Official photo of Congressman Maxine Waters
Guest essay by Eric Worrall
It is never enough; Despite recent moves to green their portfolios, great hedge fund manager Chris Hohn has accused Blackrock and Vangard of not doing enough. But that push for more climate change is just the tip of a much larger threat that I believe hangs over the heart of Corporate America.
Chris Hohn beats up BlackRock and Vanguard over climate change
The multi-billion dollar hedge fund manager urges big money managers to challenge companies to global warming
Attracta Mooney, Investment Correspondent OCTOBER 25, 2020
Billionaire hedge fund manager Christopher Hohn has accused BlackRock and Vanguard of behaving like sheep on climate change, arguing that large asset managers are taking "inadequate and ineffective measures" against global warming.
His letters are the latest example of the deep scrutiny of the $ 89 billion wealth management industry for its role in fighting climate change. Many large fund managers, who immensely affect the world's largest companies, have warned that global warming could hurt investment returns.
But Sir Christopher accused "most asset managers" of "total greenwash", arguing that they were far too complacent about the risks of global warming.
"The wealth management industry is kidding about what it is actually doing (in terms of climate change)," he said. "They talk, but they really don't do anything effective."
Read more: https://www.ft.com/content/2ea426f2-b338-4921-882b-7c99076489fe
The reality is Blackrock and other big companies are fully involved in the green agenda. Your biggest obstacle to an activist attack on the American economy is President Trump.
The path to greener investments is not assured as other companies are still shaking off the new threat posed by asset managers. "Our companies are not concerned," said Charles Crain of the National Association of Manufacturers, of which ExxonMobil is a member.
There is a growing recoil in the US against investors as climate warriors. Asset managers prepare for a dispute with the Trump administration about a new proposal that endangers the ability of investors to integrate IT G Principles in pension portfolios. At the same time, many well-known asset managers are still reluctant to vote against the management, which means the vast majority of climate resolutions will not be passed.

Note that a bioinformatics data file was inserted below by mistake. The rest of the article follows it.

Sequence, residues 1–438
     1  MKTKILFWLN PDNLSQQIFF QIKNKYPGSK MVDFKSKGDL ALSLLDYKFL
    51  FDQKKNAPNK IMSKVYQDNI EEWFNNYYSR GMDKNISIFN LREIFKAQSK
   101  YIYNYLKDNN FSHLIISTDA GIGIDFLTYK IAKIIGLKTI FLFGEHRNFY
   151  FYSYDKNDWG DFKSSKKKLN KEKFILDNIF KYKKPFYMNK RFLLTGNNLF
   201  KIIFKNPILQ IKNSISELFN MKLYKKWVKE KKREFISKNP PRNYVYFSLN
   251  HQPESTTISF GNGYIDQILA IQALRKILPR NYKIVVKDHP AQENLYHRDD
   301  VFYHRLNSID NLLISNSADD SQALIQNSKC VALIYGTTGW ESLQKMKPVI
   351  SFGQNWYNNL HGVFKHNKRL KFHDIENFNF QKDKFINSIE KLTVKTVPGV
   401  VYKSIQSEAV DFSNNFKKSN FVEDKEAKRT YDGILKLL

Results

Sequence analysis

Read more: https://www.ft.com/content/78167e0b-fdc5-461b-9d95-d8e068971364
ESG (Environmental Social and Governance) is fully on the democratic agenda. In August 2020, the U.S. Congressional Committee on Financial Services was established under the direction of Maxine Waters, made a number of policy recommendations that should send a chill down the spine of anyone looking for a return on their investments.
H. R. ____: ESG Disclosure Simplification Act of 2019 (Rep. Vargas): According to this law, public companies must disclose certain ESG metrics, which the SEC must set in a rule. The bill also requires public corporations to publish in their proxy statements annually a description of the company's views on the relationship between ESG metrics and long-term business performance and the process by which the issuer determines such impact. In addition, The bill incorporates the sentiment from Congress that the ESG metrics set by the SEC are automatically considered material for investors. Finally, this draft law establishes an advisory committee on sustainable finance within the SEC, which makes recommendations to the SEC that public companies should be obliged to disclose ESG metrics. would submit a report to the SEC within 18 months outlining the challenges and opportunities for investors in sustainable finance; and would regularly recommend policy changes that would encourage the flow of capital towards sustainable finance.